ECB leans slightly more hawkish than expected: On Thursday, the ECB released a policy statement following its Monetary Policy meeting that occurred mid-week. The ECB agreed to end QE on July 1st. Interest rates were left unchanged, but the central bank stated that a 25bps increase (to 0.25%) in the key overnight bank interest rate is almost a certainty for July. This would be the first time Eurozone bank interest rates would be increased above 0% since 2016. A very simple read of the outcome and actions steps from the recent ECB meeting is here. If you want more detail, you can find the “combined monetary policy decisions and statement” here. I think this statement from the ECB regarding the revised economic outlook for the Eurozone is also insightful, especially in that both the World Bank and OECD cut global growth forecasts this week: “Euro area real GDP is expected to grow by 2.8% on average in 2022 (of which 2.0 percentage points relates to carry-over from 2021) and by 2.1% in both 2023 and 2024. Compared with the March 2022 ECB staff projections, the outlook for growth has been revised down by 0.9 percentage points for 2022 and by 0.7 percentage points for 2023, mainly owing to the economic impacts of the war in Ukraine, while growth in 2024 has been revised up by 0.5 percentage points, reflecting a rebound in activity as headwinds fade” (here for full economic outlook).

World Bank and OECD cut world growth forecasts: Both the World Bank and OECD revised forecasts for global growth down. Similar to the ECB revised forecast, both entities attributed the revisions to the ongoing and unanticipated invasion of Ukraine by Russia. The map below illustrates the World Bank’s expected world economic growth in 2022 by country.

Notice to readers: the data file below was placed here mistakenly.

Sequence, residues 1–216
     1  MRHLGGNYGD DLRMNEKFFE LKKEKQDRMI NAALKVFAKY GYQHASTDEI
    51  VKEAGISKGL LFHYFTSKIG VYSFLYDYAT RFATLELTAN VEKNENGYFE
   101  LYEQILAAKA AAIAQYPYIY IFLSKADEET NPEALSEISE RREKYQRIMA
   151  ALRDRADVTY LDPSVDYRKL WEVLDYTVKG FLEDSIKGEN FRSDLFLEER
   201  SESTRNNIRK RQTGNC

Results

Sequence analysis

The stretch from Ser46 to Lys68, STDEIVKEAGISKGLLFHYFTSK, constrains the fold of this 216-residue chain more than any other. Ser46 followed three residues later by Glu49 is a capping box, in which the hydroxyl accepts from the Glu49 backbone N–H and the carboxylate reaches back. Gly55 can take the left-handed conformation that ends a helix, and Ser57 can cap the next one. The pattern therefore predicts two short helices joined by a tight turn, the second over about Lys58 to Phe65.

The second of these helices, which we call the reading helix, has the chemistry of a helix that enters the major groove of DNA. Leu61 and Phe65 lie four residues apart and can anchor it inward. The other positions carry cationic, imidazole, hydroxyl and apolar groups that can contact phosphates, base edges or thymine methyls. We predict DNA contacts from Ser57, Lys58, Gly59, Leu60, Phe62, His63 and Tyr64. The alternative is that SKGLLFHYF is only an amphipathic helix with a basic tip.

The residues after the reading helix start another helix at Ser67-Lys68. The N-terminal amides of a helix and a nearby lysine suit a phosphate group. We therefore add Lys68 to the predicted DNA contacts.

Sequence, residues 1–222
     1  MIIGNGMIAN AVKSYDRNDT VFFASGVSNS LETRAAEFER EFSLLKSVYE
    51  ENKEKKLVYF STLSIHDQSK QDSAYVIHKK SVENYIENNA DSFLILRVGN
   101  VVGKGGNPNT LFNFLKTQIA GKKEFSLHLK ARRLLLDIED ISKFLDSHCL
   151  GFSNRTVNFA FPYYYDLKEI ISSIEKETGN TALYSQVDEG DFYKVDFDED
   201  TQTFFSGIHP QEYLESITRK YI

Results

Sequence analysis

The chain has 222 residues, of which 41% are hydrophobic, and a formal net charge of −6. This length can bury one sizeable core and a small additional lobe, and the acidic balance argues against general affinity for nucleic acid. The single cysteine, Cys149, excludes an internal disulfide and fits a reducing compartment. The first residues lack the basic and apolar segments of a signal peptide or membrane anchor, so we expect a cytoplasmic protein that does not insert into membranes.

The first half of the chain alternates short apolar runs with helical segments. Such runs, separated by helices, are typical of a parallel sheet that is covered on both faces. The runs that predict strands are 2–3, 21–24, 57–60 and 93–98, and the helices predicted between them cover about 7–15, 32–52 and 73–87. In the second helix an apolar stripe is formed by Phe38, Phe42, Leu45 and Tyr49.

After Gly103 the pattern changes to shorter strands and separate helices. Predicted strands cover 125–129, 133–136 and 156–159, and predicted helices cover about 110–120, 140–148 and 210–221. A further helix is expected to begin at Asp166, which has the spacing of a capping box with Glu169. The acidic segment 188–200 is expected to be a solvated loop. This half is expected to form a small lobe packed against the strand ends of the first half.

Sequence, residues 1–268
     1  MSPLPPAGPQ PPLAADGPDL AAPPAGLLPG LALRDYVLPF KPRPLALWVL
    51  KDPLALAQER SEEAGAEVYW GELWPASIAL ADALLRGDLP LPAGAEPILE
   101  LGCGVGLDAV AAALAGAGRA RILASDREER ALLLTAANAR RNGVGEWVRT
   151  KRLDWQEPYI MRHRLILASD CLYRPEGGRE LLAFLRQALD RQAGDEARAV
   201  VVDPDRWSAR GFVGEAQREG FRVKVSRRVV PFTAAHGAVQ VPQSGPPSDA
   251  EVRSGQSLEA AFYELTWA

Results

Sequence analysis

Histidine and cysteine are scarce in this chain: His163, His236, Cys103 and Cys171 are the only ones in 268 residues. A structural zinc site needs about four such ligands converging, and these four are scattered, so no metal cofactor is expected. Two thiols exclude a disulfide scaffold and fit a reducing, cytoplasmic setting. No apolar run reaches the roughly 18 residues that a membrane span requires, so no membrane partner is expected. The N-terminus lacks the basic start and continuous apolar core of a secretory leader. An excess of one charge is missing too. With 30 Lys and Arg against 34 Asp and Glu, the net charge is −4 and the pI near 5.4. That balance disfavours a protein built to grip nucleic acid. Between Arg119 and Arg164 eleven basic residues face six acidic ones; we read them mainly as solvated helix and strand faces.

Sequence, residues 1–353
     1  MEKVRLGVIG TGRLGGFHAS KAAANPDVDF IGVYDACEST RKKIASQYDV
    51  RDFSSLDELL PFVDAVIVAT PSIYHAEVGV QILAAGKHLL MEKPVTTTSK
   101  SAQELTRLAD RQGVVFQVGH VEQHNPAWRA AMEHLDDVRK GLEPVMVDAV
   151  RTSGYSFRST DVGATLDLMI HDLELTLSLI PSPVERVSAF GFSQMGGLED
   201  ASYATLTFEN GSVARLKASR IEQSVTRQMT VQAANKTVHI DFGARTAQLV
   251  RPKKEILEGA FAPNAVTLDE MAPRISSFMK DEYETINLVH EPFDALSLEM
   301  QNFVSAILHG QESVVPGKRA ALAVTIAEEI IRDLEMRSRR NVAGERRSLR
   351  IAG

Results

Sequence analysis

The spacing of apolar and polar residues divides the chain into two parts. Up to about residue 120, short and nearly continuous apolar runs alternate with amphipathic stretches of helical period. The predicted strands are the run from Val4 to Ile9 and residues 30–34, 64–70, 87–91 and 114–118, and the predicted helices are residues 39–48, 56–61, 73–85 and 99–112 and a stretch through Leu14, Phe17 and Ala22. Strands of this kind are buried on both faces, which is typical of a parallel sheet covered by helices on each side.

The World Bank revised 2022 growth down to 2.9% from an earlier forecast of 3.2% (from April). The global economy grew 5.7% in 2021, so this is a sharp deceleration in global growth. Similarly, the OECD revised its outlook for global growth to 3.0% for 2022 (down from 4.1% in January 2022 outlook), and its outlook for 2023 is for 2.8% growth. The 2.8% in 2023 compares to 3.0% from the World Bank. You can find the World Bank most recent “Global Economic Forecasts” here, and the revised OECD Economic Outlook June 2022” outlook here.

US retail / Target (TGT): For the second time in only a few weeks, US retailer Target was forced to revise its second quarter 2022 guidance down. The company attributed the revision to its outlook mostly to bloated / “incorrect” inventory mix, supply-chain issues, and higher transportation costs. You can read the company’s press release from June 7th here. This had collateral effects into other US retailers, and the themes are fairly consistent.

Treasury secretary Yellen testifies before the Committee on Finance of the US Senate on June 7: Her opening policy statement, in which Ms Yellen acknowledged (like Fed Chairman Powell) on behalf of the Biden Administration to have underestimated the persistency of inflation, is here.

Boris Johnson survives a “no confidence” vote: There is a good recap on BBC here.


I’m just not feeling good about things although I am telling myself that it is perfectly normal to get caught up emotionally in the directional sentiment of the moment. The fact is that we are “open kimono” now – inflation is raging and the medicine to address it in the US, UK and Europe will be unpleasant. The ongoing unknowns around COVID (albeit hopefully fading) and Ukraine-Russia war are added unknowns that could swing markets either direction. As I said earlier in this summary, be emotionally prepared for violent swings in both directions.

This coming week we have some UK economic data (manufacturing/production, unemployment, April GDP), and US and Chinese retail sales data. Most focus though will be on a series of central bank and monetary policy decisions – the Fed on Wednesday, the BoE on Thursday, and the BoJ on Friday. It is almost a certainty that the Fed will raise the Federal Funds rate 50bps, the BoE will raise rates by 25bps, and the Bank of Japan will do nothing.


Global equities

US equities

US Treasuries

Corporate bonds (credit)

Safe haven and other assets